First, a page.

Pagan Community

By Psyche | April 6, 2007

I first began meeting other Pagans and magickally-minded folk online ten years ago through various Usenet groups, e-lists, message boards, IRC, websites, e-mail and other electronic correspondence. While there were quite a few then, over time I’ve watched it expand and grow significantly. Today there are literally hundreds of e-lists and online communities virtually dedicated to each and every facet of Paganism, and every tradition of Wicca imaginable (and some I would never have imagined!)

I was excited to find others who were interested in the same things I was, and I learned a lot. I even briefly had a go with an online coven, but that didn’t work out for me, though there are several that are active and successful today.

There is a certain amount of interconnectedness online, especially within specific communities, but what about offline, meeting people in the flesh? Attending public rituals with other Pagans, or even just meeting up for coffee or a pint, can seem difficult or scary for someone newly discovering their path.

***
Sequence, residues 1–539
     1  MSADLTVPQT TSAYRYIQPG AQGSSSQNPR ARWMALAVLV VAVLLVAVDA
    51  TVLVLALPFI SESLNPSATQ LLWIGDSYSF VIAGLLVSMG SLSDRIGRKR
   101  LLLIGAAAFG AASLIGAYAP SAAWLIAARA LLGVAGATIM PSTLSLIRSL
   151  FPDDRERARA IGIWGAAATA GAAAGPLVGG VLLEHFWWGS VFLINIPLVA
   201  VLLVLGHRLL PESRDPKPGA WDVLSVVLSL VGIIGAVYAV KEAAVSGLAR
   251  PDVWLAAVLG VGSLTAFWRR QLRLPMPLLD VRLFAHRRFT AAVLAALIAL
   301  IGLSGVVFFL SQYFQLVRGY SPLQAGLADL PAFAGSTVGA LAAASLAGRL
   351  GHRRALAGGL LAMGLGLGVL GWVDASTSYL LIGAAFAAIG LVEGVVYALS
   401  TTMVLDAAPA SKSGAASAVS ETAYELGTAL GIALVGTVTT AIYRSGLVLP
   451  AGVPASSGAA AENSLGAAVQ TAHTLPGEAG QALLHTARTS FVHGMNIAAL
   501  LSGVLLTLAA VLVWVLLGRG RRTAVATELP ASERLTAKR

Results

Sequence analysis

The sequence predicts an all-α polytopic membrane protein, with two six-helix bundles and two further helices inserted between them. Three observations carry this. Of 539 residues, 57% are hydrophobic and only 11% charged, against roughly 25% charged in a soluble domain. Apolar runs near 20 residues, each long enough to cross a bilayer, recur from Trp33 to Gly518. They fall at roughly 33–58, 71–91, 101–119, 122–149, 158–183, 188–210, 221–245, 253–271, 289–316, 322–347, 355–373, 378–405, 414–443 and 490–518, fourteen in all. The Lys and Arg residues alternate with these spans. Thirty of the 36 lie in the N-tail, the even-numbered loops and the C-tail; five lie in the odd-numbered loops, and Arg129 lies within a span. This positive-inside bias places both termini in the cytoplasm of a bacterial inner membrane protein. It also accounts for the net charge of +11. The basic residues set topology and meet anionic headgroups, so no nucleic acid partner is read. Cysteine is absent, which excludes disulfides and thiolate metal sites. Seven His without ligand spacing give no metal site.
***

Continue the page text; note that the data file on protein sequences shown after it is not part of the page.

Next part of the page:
Check out your local occult shop for postings, or Pagan magazines, and websites. For example, the Witches’ Voice is great resource that lists many, many local covens, shops, and other places for networking.

You may not find a community that fits your particular interests or needs in your city, may need to decide how far you’re willing to travel, and what sort of relationships you’d like to make. Are you hoping just to meet casually, or would you like to be a regular member of a coven, circle or grove? What tradition would you most like to connect with?

Weiser Books - Shamanic Tools

When meeting anyone new for the first time, it’s always best to meet in a public place. Many moots are held in pubs or coffee shops with non-Pagan attendees present as well. Festivals and conferences are great ways to meet a number of people in a public setting.

People in the Pagan community come from a variety of age groups, traditions, coven or solitary backgrounds, and while generally a friendly lot, if you do come across a group that seems hostile, or demands certain things of you that you feel uncomfortable with, remember that you are free to disagree or leave at any time.

Just be honest and open; make an effort, but allow connections to form naturally, and don’t try to jump into anything too serious too soon. At any large gathering you’re likely to find others who are new to the scene or to Paganism in general.

It’s fairly recently that I’ve branched out into meeting other Pagans offline, and I’m thoroughly enjoying myself. I hope your experience is as rewarding.

First published on Suite101.com on 27 March 2006. (Unfortunately.)

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